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Lynos
Fri, Apr 26, 2019, 5:28pm (UTC -5)
Re: ORV S2: The Road Not Taken

Ooooookay... I have to agree with Jammer's assessment of last week's episode. They should have left it open-ended.

The Orville takes the intriguing ending of Tomorrow, Tomorrow and Tomorrow and takes it to the most uninteresting and predictable place possible. Kelly's decision to snub Ed results in nothing less than the destruction of the galaxy by the Kaylons, and the episode is simply a giant connect-the-dots reset button with some stunning special effects and rousing musical score. It doesn't really do anything interesting with the premise, it doesn't explore anything that wasn't already explored in part 1, and explored better. It's just an exercise in high-concept plot mechanics, more reminiscent of another science fiction show that just wrapped up. And it doesn't make a lick of sense.
The show seems to be very invested in Ed and Kelly's on again/off again romance, but this was perhaps one episode too many. We get it, Orville. They think their not right for each other, but realllly they are. We get it.

A disappointing season finale, but season 2 overall was very enjoyable. We had some clunkers, some great episodes, and some that were in between. The show lost a good character (Alara) to a mediocre character (Talla), Lamar completed his transition from a statue-pissing buffoon to the Geordie La Forge of the series (J Lee is still a horrible actor, though), and the series as a whole can be seen now as a straight science fiction show peppered with some humorous antics, as opposed to the comedy-heavy season 1 with its wild tonal shifts.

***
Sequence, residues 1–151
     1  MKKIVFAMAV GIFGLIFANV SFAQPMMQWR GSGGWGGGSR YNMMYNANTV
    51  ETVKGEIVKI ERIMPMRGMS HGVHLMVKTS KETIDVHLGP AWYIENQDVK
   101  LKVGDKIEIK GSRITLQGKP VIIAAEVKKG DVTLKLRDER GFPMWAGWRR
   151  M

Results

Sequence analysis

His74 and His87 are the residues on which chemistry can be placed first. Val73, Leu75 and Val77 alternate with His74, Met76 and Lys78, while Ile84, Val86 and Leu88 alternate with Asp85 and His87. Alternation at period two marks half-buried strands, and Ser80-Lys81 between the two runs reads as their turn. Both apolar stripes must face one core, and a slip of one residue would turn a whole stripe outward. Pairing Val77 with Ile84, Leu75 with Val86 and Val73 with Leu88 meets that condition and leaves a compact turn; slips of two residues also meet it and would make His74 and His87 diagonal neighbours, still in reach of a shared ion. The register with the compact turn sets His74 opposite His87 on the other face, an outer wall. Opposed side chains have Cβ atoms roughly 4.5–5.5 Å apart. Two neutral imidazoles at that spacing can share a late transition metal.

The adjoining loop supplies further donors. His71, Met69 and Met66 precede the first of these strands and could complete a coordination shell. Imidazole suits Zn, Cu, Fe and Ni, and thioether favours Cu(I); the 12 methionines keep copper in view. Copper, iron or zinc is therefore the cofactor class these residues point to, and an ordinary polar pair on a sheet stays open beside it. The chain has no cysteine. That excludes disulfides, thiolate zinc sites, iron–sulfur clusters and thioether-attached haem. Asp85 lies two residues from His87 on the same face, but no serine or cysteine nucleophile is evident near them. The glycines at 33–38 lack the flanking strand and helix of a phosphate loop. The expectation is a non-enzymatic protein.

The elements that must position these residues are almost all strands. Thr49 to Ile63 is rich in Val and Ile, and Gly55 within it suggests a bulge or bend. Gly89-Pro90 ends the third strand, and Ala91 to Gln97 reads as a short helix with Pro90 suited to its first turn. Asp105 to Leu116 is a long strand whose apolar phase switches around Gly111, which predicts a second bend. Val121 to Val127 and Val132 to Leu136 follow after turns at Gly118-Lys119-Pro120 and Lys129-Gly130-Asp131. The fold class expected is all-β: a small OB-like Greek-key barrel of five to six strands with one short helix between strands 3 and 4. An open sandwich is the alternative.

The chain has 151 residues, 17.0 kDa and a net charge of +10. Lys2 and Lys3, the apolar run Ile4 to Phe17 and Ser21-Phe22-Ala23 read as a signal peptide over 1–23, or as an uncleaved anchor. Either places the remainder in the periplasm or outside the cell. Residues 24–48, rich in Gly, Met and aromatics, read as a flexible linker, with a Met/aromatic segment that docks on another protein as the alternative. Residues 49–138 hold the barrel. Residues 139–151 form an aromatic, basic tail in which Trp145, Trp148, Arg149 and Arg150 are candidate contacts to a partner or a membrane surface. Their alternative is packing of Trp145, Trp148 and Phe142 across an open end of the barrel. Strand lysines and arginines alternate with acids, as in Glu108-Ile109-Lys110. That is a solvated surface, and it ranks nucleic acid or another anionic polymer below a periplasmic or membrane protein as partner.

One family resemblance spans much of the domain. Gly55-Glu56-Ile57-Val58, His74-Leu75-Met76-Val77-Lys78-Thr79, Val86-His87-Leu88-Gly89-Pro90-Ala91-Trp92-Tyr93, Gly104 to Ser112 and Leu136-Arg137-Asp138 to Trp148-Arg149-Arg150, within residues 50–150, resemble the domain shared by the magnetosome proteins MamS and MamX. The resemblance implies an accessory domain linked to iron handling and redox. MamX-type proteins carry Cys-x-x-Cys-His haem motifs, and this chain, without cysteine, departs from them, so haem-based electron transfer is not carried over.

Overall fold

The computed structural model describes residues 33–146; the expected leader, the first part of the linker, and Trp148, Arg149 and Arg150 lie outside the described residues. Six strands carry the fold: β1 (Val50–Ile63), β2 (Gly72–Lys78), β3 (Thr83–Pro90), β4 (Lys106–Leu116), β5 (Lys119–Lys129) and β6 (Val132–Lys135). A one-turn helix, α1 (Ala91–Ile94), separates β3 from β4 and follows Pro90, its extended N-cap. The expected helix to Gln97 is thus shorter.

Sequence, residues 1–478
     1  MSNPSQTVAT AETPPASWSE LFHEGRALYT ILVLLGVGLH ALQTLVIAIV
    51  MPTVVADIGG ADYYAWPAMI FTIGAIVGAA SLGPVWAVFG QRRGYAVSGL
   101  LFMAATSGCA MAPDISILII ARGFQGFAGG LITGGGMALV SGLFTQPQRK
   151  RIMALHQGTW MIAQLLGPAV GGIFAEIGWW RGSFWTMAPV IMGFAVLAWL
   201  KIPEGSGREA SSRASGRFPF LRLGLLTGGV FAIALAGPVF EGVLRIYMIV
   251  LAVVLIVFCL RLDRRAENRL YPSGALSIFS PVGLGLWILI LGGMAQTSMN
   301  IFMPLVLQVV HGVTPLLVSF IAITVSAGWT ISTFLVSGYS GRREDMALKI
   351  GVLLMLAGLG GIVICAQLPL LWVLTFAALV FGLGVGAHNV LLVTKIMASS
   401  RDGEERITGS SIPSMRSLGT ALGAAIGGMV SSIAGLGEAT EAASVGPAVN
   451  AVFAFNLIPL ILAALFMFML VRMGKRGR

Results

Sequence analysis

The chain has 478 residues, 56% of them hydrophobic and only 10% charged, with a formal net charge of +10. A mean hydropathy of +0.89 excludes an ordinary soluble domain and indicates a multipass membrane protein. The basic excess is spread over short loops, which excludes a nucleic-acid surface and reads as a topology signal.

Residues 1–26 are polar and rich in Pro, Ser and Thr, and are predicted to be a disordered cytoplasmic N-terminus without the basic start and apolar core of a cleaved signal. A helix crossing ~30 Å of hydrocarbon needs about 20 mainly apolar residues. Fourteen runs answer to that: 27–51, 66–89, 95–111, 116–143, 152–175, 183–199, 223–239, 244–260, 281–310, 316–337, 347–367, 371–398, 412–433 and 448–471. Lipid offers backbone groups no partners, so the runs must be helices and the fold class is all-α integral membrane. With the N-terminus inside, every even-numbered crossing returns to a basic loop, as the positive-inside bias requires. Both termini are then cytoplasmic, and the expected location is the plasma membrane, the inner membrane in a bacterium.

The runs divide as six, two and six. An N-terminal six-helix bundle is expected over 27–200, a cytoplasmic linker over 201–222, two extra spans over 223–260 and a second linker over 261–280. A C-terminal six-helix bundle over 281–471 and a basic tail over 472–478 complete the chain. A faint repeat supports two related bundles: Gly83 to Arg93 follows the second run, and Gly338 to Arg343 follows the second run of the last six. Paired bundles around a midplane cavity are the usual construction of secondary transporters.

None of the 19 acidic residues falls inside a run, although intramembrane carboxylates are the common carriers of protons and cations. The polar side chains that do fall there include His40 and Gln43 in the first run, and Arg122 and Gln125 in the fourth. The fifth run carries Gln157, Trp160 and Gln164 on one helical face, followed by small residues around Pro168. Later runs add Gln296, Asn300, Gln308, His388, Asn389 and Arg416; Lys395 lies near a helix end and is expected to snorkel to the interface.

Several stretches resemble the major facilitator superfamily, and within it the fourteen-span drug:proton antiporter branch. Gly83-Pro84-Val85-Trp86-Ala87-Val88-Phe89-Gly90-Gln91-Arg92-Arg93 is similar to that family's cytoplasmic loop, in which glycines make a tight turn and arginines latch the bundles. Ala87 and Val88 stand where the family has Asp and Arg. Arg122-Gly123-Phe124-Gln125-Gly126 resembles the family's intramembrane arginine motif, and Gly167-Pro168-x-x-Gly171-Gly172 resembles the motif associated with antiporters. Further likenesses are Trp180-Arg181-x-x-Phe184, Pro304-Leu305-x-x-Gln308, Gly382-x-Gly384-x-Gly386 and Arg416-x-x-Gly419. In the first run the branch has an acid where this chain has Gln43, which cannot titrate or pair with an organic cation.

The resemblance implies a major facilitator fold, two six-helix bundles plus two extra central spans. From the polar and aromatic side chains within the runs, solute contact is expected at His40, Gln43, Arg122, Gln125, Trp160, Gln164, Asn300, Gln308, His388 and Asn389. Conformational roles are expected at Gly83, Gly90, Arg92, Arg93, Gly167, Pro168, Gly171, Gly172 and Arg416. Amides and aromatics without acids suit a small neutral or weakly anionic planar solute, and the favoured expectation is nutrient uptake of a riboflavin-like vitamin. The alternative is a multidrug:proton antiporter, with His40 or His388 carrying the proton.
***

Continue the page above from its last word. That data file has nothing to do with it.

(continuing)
Hoping for a season 3, where the show might finally find its legs.
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Lynos
Mon, Apr 22, 2019, 5:52pm (UTC -5)
Re: ORV S2: Tomorrow, and Tomorrow, and Tomorrow

By the way, I did not see anyone mention this, but the opening was different, wasn't it? There was only the title card, and then the rest of the credits ran over the actual episode. There were no beauty shots of Orville in space. I wonder why that was changed.
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Lynos
Mon, Apr 22, 2019, 5:43pm (UTC -5)
Re: ORV S2: Tomorrow, and Tomorrow, and Tomorrow

Finally got around to watching this, and before I jump into it, for sure the most intriguing part of the episode was... the ending. But we'll get back to that.